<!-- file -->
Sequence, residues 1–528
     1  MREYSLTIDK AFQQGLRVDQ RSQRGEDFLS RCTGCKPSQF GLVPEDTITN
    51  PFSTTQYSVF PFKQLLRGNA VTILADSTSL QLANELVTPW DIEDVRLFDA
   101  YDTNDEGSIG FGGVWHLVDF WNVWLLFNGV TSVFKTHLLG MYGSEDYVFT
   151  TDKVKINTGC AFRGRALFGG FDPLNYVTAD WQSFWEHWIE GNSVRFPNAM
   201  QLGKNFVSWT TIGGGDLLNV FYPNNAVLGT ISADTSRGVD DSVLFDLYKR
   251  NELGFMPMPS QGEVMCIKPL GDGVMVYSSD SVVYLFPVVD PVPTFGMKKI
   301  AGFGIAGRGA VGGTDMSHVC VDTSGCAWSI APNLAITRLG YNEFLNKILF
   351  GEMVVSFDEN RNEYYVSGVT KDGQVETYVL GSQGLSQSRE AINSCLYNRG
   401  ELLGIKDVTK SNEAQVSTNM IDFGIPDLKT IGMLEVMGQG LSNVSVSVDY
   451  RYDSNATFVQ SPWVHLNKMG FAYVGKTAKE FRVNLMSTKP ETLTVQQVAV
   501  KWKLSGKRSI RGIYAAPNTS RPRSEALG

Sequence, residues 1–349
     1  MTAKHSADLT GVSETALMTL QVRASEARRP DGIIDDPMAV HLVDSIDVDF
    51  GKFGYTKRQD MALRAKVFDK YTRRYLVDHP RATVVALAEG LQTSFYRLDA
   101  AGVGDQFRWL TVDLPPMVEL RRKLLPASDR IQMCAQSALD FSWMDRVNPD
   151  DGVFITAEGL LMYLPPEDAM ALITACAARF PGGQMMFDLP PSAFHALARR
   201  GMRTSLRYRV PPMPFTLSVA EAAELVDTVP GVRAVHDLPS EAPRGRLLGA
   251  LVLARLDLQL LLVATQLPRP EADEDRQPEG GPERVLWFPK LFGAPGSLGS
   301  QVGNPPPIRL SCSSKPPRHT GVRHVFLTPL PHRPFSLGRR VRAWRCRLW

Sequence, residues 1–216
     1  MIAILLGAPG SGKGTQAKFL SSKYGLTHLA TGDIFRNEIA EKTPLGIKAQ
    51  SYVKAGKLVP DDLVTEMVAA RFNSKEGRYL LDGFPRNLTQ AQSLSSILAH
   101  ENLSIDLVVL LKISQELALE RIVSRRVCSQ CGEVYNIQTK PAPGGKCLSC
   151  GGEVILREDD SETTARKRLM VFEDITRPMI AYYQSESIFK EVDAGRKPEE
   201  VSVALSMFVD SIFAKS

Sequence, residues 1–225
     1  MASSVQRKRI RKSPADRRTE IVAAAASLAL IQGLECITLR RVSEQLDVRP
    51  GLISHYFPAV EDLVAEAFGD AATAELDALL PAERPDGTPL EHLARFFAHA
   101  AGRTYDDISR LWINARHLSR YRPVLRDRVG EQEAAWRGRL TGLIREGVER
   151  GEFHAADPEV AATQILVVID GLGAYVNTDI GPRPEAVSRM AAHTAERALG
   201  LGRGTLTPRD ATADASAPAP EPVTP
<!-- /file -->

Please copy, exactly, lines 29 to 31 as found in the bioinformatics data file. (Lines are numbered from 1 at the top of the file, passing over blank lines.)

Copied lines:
    51  GLISHYFPAV EDLVAEAFGD AATAELDALL PAERPDGTPL EHLARFFAHA
   101  AGRTYDDISR LWINARHLSR YRPVLRDRVG EQEAAWRGRL TGLIREGVER
   151  GEFHAADPEV AATQILVVID GLGAYVNTDI GPRPEAVSRM AAHTAERALG